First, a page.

“Then he saw an advert in the Meccano magazine from the President of the Royal College of Veterinary Medicine. It was talking about a career as a vet. And my father thought, “Hey, that’s for me!”

The fact Alf Wight had no aptitude for science was no bar to his chosen career. “Nowadays,” points out Wight, “there are three or four thousand applications for 30 or 40 places on a veterinary medicine course. The competition is unbelievable.

“My dad was hopeless at sciences and maths – actually almost educationally sub-normal at maths – but he was very good at the arts and he sailed into Glasgow veterinary college with three Higher leaving certificates in English, French and Latin.”

New experiences

While the plotlines of Young James Herriot are largely fictional, the atmosphere and character of “young James” are drawn directly from diaries Alf Wight kept from boyhood through to his second year in college. The sense of the future author as “an innocent abroad” rings entirely true to his son.

“Wine, women and song hit my father overnight at Glasgow vet college. He writes in his diary about going to what they called a ‘college smoker’ and says ‘I found some of the wisecracks and stories a bit astonishing!’

“You can imagine it, because he’d come from this god-fearing, non-drinking, non-smoking family into this wild, unruly place where he’d spend all afternoon playing cards at the back of lectures or going to the dog tracks. But he adjusted very quickly.”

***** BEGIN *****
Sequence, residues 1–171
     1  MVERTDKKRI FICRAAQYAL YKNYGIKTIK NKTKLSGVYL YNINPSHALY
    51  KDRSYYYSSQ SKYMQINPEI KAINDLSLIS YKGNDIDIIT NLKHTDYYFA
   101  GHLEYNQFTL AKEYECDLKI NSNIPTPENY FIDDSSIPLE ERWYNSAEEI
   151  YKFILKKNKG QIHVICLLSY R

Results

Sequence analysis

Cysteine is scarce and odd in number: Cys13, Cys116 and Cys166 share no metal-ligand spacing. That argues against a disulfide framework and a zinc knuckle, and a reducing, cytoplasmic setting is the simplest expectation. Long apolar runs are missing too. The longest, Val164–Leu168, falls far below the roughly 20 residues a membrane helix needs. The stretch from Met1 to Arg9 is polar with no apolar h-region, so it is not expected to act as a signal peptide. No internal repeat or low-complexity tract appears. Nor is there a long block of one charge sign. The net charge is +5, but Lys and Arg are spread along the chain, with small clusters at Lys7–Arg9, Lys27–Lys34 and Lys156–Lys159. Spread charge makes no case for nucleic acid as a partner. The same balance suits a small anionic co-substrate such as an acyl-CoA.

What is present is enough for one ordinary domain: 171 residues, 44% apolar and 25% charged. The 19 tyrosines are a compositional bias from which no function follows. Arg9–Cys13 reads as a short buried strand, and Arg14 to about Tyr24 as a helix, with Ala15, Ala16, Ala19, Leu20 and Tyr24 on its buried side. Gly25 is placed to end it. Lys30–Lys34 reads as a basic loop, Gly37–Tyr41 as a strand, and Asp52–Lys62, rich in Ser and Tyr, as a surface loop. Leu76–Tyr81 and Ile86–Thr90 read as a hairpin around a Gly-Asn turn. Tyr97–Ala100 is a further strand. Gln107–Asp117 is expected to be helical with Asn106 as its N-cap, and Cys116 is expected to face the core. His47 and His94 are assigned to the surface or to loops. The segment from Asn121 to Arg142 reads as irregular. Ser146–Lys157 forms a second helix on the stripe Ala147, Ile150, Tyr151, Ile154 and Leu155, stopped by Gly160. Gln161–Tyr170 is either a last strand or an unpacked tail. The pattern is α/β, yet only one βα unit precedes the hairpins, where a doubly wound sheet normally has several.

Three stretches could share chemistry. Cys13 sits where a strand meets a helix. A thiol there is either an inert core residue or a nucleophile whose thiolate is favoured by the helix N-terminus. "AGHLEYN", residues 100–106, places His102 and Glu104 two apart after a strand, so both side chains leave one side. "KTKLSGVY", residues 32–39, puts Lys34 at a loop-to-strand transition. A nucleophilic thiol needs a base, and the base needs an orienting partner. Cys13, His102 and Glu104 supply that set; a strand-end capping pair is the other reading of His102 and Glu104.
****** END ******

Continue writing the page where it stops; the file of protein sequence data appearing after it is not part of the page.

A changing profession

The 30s and 40s were decades of seismic change for the veterinary profession and this, too is reflected in the series.

“When my dad was starting out, the doom and gloom merchants said, ‘The life of the vet is finished. Horses are going out, tractors are coming in and vets aren’t going to be wanted’. It was a big worry,” explains Wight.

“In those days, too, vets had to make up their medicines and learn all the different dosages – ‘materia medica’, it was called. To say nothing of the astonishing cures used on the farms, where they were still using ‘kill or cure’ potions made out of arsenic, strychnine and turpentine. Then the 40s saw the transition to antibiotics and steroids.

“So it was a time of terrific metamorphosis for the profession. That’s what my dad saw, and he preserved it for us all to see. His books are history. That’s why they still sell and it’s why they make terrific period drama.”


Fame, says Wight, in no way changed his father, who continued his involvement with the Yorkshire practice long after his retirement: “Which was just as well, because round here, people don’t like you changing. If he’d been driving a Reliant Robin one day and a Mercedes the next it would have been, ‘Who’s he to show off?’

“But my dad was a very self-deprecating man. He found other people endlessly interesting – you can see it in the books – he didn’t major on himself.”

“The great thing about James Herriot,” concludes Wight, “is that he never was ‘James Herriot’ to us. He was Alf Wight the father, Alf Wight the veterinary colleague, Alf Wight the neighbour. That was the real secret of his success.”


Young James Herriot begins tonight at 9pm on BBC1 and BBC1 HD.